Great tools and insight from the VSBA this month regarding the creation of culturally safe school environments.
There is no “one size fits all” way of communicating with all of the cultures that comprise our wonderfully diverse schools. Each one comes with its own set of family values and its own preferred methods of communication. A good place to start is by creating a welcoming, inclusive environment. Parents often are nervous about coming to school for any reason and need all the visual and verbal help you can provide to make them feel welcome and comfortable. They “scan” offices, classrooms and hallways for clues about how inclusive your school may be.
- Post photos of all students and student artwork on the walls
- Include lessons in the classroom that incorporate various cultures and traditions
- Offer school-wide cultural activities
- Recruit staff and volunteers who come from similar backgrounds
- Visit your students’ neighborhoods. Find out where families are congregating and who local community leaders are that can connect you with parents.
- Collaborate with apartment complex managers to make a recreation room available for families.
- Consider contacting parents’ employers about parent schedules or holding conferences closer to parents’ workplaces.
- Don’t limit yourself to meetings. Ask your families what kinds of events they would find enjoyable, beneficial and convenient.
Some ways we can make our schools inclusive are:
Go to the Families
Sometimes, when families can’t come to the school, the school has to go to the families. Meeting families in other settings, such as community centers or churches, can provide an informal way to start building a relationship, especially if your non-English speaking families feel shy or nervous about going to the school. You might also try planning parent or family events around the schedules of the families, especially if they are working a couple of jobs.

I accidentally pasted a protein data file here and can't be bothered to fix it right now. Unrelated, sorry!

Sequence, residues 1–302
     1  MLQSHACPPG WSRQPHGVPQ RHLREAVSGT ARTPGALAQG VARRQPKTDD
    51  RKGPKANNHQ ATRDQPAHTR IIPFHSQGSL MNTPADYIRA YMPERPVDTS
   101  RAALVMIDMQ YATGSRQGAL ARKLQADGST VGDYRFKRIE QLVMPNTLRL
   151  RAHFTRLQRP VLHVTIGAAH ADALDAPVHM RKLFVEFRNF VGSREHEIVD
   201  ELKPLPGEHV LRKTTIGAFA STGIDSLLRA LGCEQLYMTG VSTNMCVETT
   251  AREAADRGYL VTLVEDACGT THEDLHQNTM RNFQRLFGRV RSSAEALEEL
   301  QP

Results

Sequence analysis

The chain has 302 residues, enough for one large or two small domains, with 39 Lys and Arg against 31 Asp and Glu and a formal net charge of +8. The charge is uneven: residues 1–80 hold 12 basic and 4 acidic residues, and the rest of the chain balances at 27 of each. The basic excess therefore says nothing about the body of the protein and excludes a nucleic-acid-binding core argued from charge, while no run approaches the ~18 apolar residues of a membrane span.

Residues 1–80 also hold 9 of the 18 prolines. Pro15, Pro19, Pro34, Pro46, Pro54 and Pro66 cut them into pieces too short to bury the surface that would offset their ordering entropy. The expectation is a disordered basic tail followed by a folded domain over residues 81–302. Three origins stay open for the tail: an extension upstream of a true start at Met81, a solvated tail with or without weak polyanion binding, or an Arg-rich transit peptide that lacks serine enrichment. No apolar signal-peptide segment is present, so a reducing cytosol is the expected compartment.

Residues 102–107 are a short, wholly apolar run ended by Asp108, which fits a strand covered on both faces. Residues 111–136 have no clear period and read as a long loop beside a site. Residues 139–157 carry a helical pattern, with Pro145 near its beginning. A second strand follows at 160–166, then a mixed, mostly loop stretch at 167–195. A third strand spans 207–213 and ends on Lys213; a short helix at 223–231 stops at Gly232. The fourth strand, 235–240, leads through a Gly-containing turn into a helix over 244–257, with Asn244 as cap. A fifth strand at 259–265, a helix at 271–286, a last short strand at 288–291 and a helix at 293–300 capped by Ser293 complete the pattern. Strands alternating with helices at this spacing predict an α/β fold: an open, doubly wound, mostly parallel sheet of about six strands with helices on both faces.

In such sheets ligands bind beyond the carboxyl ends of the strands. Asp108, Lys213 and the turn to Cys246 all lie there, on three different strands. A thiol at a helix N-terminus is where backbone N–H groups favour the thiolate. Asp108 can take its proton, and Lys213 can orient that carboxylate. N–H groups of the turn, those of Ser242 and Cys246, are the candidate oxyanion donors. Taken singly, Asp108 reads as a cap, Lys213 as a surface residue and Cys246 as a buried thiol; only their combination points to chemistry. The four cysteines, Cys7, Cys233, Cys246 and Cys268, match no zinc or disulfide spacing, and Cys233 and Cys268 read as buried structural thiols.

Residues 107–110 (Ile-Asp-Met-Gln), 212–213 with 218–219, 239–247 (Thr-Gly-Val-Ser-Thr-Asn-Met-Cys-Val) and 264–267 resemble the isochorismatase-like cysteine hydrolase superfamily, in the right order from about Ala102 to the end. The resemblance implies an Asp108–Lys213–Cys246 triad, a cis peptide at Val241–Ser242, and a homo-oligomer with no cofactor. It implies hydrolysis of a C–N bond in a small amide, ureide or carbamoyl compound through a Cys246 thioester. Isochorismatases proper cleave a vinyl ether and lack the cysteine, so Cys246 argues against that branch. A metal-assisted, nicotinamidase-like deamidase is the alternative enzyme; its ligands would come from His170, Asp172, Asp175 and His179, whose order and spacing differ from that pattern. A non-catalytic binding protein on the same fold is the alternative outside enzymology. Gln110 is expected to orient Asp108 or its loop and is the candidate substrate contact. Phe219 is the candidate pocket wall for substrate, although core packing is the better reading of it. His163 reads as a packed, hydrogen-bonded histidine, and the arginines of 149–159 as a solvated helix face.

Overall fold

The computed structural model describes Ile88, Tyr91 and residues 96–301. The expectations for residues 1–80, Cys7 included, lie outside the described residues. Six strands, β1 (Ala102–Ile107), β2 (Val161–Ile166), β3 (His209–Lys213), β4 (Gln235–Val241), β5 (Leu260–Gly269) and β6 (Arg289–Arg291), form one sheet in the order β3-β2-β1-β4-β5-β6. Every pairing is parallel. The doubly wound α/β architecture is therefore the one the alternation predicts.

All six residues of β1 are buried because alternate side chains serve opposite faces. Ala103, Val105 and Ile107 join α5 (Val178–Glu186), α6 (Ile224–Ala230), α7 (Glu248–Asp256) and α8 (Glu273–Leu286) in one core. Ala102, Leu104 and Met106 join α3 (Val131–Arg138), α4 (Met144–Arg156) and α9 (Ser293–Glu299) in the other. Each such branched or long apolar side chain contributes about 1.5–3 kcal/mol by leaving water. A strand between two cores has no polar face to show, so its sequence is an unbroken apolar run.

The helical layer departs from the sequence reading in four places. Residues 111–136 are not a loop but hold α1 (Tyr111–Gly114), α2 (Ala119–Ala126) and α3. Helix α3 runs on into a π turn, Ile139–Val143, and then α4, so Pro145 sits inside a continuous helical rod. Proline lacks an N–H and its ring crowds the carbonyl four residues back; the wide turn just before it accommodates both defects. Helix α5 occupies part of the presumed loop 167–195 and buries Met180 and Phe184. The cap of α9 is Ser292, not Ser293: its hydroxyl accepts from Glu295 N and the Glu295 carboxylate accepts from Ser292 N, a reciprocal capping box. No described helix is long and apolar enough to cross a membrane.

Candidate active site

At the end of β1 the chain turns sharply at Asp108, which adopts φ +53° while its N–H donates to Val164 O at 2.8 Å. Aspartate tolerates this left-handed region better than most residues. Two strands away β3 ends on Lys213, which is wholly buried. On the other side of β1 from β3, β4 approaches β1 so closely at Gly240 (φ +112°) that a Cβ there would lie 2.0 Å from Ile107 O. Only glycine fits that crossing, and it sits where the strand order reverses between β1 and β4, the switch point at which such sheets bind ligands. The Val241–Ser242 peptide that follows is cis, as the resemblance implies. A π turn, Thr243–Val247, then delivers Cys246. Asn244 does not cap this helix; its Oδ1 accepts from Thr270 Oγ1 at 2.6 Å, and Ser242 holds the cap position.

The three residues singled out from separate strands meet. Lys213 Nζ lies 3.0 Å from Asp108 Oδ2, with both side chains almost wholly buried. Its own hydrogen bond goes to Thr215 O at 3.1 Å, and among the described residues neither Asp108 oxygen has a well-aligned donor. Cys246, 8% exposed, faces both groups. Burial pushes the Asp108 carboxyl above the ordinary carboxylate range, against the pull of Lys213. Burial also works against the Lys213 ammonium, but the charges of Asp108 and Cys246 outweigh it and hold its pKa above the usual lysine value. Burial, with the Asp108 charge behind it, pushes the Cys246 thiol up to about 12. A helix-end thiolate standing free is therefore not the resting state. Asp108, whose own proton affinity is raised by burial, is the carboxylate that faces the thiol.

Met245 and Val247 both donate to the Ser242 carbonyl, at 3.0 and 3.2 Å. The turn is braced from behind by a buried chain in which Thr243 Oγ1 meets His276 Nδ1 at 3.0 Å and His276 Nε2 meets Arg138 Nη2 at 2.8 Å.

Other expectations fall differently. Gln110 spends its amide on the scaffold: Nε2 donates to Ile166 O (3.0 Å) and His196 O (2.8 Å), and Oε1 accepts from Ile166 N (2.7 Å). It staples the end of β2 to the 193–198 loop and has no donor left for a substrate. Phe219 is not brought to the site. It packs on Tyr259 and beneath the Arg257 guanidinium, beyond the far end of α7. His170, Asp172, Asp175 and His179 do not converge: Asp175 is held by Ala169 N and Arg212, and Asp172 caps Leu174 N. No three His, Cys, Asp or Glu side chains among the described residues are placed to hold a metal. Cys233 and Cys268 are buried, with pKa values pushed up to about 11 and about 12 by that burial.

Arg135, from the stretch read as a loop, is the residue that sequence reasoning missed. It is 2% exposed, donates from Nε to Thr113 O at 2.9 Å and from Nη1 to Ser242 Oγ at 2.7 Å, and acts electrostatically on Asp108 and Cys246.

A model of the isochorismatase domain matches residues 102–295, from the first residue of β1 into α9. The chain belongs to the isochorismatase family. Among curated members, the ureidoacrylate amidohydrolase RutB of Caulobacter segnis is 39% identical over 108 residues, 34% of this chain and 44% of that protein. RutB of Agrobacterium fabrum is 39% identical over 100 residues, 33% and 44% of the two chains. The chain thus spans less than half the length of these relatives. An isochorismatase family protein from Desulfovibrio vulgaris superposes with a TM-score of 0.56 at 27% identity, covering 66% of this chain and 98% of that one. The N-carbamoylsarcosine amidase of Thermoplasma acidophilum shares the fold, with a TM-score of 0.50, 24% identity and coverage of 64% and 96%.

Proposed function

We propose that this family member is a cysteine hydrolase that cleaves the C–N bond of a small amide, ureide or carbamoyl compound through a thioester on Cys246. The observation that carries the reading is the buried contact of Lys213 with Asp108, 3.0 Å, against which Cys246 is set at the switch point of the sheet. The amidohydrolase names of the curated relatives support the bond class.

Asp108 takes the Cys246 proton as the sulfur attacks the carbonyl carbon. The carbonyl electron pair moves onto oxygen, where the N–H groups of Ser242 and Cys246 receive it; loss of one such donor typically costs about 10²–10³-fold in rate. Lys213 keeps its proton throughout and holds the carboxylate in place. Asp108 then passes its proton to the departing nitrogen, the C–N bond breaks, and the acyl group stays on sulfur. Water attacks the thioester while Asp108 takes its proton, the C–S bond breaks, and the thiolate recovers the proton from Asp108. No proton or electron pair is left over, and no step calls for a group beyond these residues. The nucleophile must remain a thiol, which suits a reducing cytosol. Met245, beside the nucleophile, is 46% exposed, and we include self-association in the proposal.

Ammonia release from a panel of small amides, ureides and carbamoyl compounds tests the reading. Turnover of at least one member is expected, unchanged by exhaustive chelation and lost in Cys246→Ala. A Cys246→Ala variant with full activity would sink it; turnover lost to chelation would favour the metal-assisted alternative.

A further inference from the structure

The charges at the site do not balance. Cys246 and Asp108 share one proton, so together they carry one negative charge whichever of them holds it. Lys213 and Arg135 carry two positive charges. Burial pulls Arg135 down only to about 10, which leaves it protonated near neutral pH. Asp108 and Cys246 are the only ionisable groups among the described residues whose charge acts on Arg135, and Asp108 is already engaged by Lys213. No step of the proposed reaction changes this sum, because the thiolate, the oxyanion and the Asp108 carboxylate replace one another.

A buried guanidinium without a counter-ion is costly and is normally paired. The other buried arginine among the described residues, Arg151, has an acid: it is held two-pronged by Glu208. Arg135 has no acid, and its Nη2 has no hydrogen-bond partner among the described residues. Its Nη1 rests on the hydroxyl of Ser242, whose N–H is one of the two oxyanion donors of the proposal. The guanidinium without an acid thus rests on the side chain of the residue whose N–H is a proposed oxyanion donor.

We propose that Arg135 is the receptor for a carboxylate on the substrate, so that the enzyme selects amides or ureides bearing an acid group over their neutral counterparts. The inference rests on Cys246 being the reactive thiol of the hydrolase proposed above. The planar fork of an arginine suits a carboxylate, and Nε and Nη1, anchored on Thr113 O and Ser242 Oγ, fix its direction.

Grand gestures and small details will help in reaching families effectively. Here are 10 tips to help build communication bridges to the cultures in your school community:
- Avoid scheduling important events such as conferences or tests on major holidays and celebrations that large numbers of students are likely to miss.
- Do an “inventory” of your student population to find out the countries and cultures they represent. If most are English speakers and American-born, they may be acclimated to our American culture and would resent be singled out for any special attention. If they aren’t English speakers or American-born, then find out more about their family values and who the primary person to contact is. For example, in Latino and Asian Pacific Islander families, involving fathers as well as mothers is essential.
- Share information about cultural celebrations with teachers so that they are able to positively support them and incorporate them into lessons. Even a simple memo that explains why students will be out and offers some ideas for follow-up activities will be helpful. Use the diversity of your school population as a teaching opportunity. Invite families to share their cultural celebrations, plan an International Day, encourage teachers to include lessons in other cultures and diversity as part of the curriculum.
- Create a parent room (such as a lounge or classroom) with bilingual information and magazine subscriptions, a bulletin board, a lending library and a computer.
- Invite parents to share food, activities, and music at school events and in the classroom. Encourage students to share traditions in school assemblies, talent shows, potlucks, and fairs
- Offer cafeteria food that reflects the cultural influences of your families.
- Explore a variety of options for communicating with diverse populations, such as Spanish language newspapers, radio and television stations.
- Create a welcome DVD in multiple languages. This may even be a great student project!
- Connect new families with a contact person who speaks their language as soon as they enroll in the school for guidance and information.
- Create an “ambassador” program in which students and parents are trained to give tours.